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Dr. Andrew Rynne
Dr. Andrew Rynne

Family Physician

Exp 50 years

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Article Home Skin Disorders Squamous cell carcinoma

Squamous cell carcinoma

Squamous cell carcinoma is the second most common form of nonmelanoma skin cancer following basal cell carcinoma. Squamous cell carcinomas are usually slow growing and can be difficult to spot, especially when they appear on skin that has other signs of sun damage, such as changes in pigmentation, loss of elasticity and wrinkling.

Most squamous cell carcinomas result from prolonged exposure to ultraviolet (UV) radiation, either from sunlight or from tanning beds or lamps.


  • A firm, red nodule on your face, lower lip, ears, neck, hands or arms
  • A flat lesion with a scaly crust on your face, ears, neck, hands or arms
  • A new ulceration or raised area on a pre-existing scar or ulcer
  • An ulcer or flat, white patch inside your mouth
  • A red, raised patch or ulcerated sore in the anus or on your genitals

Risk factors

  • Chronic sun exposure
  • Fair skin
  • Older age
  • A personal history of skin cancer
  • Smoking
  • Weakened immune system
  • Skin inflammation or injury


Tumors on the lips and ears- squamous cell carcinomas in these locations are more likely to spread to other sites or recur after treatment

Large tumors- squamous cell carcinomas measuring about 3/4 inch (about 2 centimeters) or more — are also more likely to spread than smaller tumors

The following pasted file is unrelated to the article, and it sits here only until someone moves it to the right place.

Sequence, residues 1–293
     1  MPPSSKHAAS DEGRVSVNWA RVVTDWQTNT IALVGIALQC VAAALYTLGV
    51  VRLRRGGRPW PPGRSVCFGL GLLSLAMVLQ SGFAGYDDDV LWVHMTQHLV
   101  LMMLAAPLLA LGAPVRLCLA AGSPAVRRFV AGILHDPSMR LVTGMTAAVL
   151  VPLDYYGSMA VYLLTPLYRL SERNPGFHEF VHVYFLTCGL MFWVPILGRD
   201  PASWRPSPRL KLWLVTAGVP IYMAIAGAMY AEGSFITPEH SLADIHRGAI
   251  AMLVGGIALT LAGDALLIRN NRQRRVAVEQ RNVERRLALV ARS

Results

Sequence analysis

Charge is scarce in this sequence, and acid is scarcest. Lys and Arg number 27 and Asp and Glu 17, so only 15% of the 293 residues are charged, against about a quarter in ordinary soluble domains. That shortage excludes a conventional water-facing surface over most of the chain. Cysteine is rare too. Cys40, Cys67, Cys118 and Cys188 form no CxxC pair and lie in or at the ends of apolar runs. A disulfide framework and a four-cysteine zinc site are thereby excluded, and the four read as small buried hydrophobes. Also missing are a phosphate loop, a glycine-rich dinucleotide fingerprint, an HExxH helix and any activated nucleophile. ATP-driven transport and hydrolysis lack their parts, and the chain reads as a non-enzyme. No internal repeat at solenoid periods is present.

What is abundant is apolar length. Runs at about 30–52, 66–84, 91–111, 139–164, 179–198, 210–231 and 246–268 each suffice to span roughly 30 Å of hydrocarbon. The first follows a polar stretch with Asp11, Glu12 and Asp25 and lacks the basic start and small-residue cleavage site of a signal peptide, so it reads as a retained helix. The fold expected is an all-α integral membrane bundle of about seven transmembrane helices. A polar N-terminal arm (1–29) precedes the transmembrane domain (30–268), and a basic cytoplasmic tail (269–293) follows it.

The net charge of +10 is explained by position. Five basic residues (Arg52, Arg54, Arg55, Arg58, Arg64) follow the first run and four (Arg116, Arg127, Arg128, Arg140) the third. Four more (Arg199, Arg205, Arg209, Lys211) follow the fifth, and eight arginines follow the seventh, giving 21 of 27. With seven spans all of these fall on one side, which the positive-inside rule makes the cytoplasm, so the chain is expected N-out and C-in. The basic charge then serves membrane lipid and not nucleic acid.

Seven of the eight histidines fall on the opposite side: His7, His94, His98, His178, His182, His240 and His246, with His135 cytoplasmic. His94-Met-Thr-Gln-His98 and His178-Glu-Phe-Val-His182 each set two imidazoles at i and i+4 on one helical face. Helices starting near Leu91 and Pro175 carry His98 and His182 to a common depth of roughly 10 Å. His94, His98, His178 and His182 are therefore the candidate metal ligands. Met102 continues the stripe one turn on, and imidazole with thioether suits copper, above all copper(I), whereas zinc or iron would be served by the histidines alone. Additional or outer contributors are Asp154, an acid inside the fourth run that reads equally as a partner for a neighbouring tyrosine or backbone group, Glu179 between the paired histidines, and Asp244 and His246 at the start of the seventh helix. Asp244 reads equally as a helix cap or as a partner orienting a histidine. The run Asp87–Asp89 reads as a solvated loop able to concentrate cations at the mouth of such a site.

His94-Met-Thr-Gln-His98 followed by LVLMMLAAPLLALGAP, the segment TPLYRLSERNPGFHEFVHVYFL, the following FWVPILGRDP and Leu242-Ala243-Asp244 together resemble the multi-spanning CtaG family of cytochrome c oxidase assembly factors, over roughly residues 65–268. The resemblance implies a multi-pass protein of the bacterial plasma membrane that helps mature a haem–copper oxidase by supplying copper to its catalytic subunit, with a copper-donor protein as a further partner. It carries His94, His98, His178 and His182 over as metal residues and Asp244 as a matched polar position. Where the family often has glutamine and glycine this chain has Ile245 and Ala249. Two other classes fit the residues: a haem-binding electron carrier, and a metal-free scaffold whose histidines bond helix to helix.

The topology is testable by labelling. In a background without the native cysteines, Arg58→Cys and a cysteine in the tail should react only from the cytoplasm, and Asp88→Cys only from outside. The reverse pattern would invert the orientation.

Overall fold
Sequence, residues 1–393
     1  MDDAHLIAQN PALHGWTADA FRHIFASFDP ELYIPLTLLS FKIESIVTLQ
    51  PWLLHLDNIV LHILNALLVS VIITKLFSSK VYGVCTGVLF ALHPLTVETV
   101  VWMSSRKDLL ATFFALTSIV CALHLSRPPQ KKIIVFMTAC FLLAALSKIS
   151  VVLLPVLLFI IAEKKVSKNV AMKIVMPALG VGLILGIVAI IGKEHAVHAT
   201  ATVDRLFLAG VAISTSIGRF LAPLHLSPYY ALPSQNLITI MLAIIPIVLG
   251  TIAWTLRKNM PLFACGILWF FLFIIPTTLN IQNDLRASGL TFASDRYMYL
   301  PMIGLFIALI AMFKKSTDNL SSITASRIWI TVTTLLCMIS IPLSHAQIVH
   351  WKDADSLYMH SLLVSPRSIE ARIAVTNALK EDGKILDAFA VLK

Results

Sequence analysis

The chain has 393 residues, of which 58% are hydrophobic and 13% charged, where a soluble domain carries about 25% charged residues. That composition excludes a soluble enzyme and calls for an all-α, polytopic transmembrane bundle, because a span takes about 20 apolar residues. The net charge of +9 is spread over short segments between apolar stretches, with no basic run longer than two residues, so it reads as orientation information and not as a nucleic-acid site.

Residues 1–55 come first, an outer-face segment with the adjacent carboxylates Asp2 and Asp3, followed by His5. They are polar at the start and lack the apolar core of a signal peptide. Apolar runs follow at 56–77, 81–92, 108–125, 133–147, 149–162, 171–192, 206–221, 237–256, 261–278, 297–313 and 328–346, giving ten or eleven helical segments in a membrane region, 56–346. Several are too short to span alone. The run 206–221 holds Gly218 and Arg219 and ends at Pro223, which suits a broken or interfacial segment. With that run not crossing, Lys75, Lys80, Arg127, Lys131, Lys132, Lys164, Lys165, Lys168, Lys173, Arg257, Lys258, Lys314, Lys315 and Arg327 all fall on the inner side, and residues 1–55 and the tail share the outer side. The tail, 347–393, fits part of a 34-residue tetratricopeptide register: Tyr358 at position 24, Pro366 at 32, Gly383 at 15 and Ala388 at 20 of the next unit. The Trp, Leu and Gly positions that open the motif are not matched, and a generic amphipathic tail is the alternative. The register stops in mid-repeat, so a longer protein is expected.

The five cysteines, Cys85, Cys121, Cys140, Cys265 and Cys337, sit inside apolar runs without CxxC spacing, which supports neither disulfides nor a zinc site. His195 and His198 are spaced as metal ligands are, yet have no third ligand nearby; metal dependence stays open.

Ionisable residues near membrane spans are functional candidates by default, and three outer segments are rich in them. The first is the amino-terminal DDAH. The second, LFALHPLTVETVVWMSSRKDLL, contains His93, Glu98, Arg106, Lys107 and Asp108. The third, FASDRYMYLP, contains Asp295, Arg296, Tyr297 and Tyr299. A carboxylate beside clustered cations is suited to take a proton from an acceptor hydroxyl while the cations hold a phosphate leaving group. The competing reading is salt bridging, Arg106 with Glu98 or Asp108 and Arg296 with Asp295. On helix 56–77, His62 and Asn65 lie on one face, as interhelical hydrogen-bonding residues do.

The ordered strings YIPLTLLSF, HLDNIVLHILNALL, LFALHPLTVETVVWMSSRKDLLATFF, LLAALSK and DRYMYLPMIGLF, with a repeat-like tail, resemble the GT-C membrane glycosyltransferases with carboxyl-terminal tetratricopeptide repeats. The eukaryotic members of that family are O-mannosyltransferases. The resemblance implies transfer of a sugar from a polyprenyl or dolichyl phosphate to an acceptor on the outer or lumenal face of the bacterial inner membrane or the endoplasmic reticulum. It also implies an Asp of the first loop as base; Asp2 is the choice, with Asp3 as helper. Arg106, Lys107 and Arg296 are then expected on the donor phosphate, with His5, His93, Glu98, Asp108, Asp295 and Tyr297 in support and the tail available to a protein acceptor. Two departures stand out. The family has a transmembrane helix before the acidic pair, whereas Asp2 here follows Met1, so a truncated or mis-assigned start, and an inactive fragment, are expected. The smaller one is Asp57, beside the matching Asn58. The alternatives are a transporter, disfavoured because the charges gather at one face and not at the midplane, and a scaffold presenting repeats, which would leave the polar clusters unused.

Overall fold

Deep tumors- squamous cell carcinomas that have deeply invaded muscle, cartilage or bone are more likely to recur

Tests and diagnosis

Skin biopsy- A suspected squamous cell carcinoma is often biopsied by shaving off the top layers of skin with a surgical blade


  • Avoid the midday sun. Sunlight is strongest between 10 a.m. and 4 p.m. sun protection factor (SPF) of at least 15 when you go outside, year-round.

  • Apply sunscreen 20 to 30 minutes before sun exposure and reapply it every two hours throughout the day as well as after swimming or exercising
  • Vitamin D may help lower the risk of skin cancers
  • Be aware of sun-sensitizing medications like ibuprofen, isotretinoin
  • Wear protective clothing and sun glasses


The type of squamous cell carcinoma treatment usually depends on the size, location and aggressiveness of the tumor

  • Cryosurgery using liquid nitrogen for small squamous cell carcinoma
  • Simple excision of the cancerous tissue and a surrounding margin of healthy skin
  • Lasers are often used to treat superficial carcinomas on the lips
  • Radiotherapy or chemotherapy for advanced diseases which are not surgically correctable.